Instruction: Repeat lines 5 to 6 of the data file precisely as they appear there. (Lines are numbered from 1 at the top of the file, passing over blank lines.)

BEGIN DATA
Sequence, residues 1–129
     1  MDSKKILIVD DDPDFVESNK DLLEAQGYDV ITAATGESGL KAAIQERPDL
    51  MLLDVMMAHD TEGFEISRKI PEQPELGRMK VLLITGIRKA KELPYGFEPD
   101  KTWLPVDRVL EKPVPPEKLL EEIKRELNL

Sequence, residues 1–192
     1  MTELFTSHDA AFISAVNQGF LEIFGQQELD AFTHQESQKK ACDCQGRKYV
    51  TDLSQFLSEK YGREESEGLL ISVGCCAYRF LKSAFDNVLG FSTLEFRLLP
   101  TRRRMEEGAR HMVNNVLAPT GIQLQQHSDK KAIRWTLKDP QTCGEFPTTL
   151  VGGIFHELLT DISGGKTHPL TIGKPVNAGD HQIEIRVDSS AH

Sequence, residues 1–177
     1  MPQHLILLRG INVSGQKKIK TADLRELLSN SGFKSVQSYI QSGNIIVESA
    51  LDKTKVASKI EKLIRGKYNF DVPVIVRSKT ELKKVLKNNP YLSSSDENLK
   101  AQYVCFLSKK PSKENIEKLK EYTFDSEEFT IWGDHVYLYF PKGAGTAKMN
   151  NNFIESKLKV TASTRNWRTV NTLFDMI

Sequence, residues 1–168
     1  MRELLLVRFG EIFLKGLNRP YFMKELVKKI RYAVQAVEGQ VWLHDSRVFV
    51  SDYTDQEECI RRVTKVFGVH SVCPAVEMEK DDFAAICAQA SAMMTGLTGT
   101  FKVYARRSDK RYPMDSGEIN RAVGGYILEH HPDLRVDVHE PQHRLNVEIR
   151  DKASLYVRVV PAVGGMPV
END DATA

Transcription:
Sequence, residues 1–192
     1  MTELFTSHDA AFISAVNQGF LEIFGQQELD AFTHQESQKK ACDCQGRKYV